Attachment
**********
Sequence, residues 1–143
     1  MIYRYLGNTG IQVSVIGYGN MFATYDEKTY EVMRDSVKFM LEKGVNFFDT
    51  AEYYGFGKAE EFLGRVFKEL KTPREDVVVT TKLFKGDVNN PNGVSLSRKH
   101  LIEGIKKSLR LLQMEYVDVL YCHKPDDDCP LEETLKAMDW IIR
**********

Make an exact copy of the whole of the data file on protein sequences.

Sequence, residues 1–143
     1  MIYRYLGNTG IQVSVIGYGN MFATYDEKTY EVMRDSVKFM LEKGVNFFDT
    51  AEYYGFGKAE EFLGRVFKEL KTPREDVVVT TKLFKGDVNN PNGVSLSRKH
   101  LIEGIKKSLR LLQMEYVDVL YCHKPDDDCP LEETLKAMDW IIR